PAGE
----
Real estate market players have argued that the Bank of England’s first interest rate hike since November 2007 will have a limited impact on their industry in the short term.
Triggered by higher inflation, the interest rate has been raised from a record low of 0.25 percent to 0.50 percent, where it sat for most of the past decade until the Bank’s decision to cut just after the EU referendum.
Under the assumption that rising rates are coupled with falling property values, the question for real estate players now is whether this is a ‘one and done’ move or the first hike of a gradual realignment that will bring an end a period of cheap debt which has benefited property investors over the recovery years.
“Extremely expansive monetary policies across the world have been a major tailwind for real estate, including UK markets. Now this is at an end,” said Chris Urwin, head of real estate global research at Aviva Investors.
“The gradual reversal of such policies means that we are unlikely to continue to experience the strong returns real estate has delivered over recent years. Returns are likely to be primarily driven by income from this point on. So, investors will need to be increasingly selective against a more challenging backdrop.”
Mainstream banks, however, seem “fairly relaxed”, as they have stress-tested their commercial real estate loans, said Walter Boettcher, chief economist at Colliers International.
“Given generally low LTVs, refinance risks are minimal. Interest rates would need to go up by a couple of hundred basis points before breaches of loan conditions would become a risk. A 25 basis points rise in this context looks insignificant, especially when the message from the Bank of England is that rates are to rise at a gradual pace and to a limited extent,” Boettcher explains.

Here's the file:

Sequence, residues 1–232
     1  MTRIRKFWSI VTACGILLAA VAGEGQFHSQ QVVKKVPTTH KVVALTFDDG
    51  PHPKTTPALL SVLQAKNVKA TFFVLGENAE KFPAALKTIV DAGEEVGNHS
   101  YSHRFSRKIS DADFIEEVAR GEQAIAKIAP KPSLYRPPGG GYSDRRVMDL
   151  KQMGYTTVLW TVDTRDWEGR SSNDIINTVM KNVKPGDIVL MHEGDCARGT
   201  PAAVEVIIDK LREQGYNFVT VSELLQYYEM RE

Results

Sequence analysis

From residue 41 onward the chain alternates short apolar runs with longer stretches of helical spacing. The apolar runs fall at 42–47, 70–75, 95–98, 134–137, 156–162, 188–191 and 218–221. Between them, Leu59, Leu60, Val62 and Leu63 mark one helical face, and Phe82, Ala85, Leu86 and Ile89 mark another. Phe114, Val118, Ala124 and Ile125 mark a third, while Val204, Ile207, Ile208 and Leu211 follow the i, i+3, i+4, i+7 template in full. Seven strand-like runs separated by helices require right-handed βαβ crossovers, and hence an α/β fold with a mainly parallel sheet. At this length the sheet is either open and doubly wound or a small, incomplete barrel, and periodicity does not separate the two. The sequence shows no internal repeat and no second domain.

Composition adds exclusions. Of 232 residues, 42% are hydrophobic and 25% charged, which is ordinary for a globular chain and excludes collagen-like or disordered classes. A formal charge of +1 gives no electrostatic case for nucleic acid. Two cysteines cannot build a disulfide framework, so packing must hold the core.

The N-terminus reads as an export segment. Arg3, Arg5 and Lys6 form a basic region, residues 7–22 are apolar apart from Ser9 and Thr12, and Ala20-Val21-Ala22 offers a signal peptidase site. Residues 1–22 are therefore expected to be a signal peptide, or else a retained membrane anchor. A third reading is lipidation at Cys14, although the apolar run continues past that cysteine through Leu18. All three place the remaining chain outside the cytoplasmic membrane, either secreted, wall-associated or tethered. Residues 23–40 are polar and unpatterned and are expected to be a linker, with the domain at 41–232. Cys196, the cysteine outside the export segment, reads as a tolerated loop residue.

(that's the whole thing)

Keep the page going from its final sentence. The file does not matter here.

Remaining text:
Property lenders canvased recently by Real Estate Capital about the well-trailed rate rise said a hike is likely to have a limited effect on their activities, as a quarter-point rate rise only reverses the cut seen last year, and the base rate is still at a historic low.
For Steven Cook, of structured property finance at Investec, the rate rise is likely to be welcomed by some in the real estate sector and reflects the wider optimism around the UK’s economic outlook.
“Market uncertainty has impacted both the residential and commercial development pipeline in London and the south-east, which have been stuck in limbo since last year’s EU referendum, and if this measure can bring down inflation, particularly in construction costs, this is good news,” Cook said.
The rate rise, however, could worry property developers and borrowers that are using banks to finance their loans, as they charge based on a margin to LIBOR, which will go up in line with the base rate rises.
“It’s likely brokers and lenders would have already factored a base rate rise into their plans, and after months of seeing lenders slash their rates, we may start to see them increasing again in the coming weeks,” said Danny Waters, CEO of specialist provider of mortgage finance ENRA Group.
Anthony Shayle, head of real estate debt EMEA at UBS Asset Management added: “Whilst lenders may see opportunity, the real estate world may be more circumspect. Watch for loan tenors running to term or maturities extending as a signpost to weakness in the capital markets.”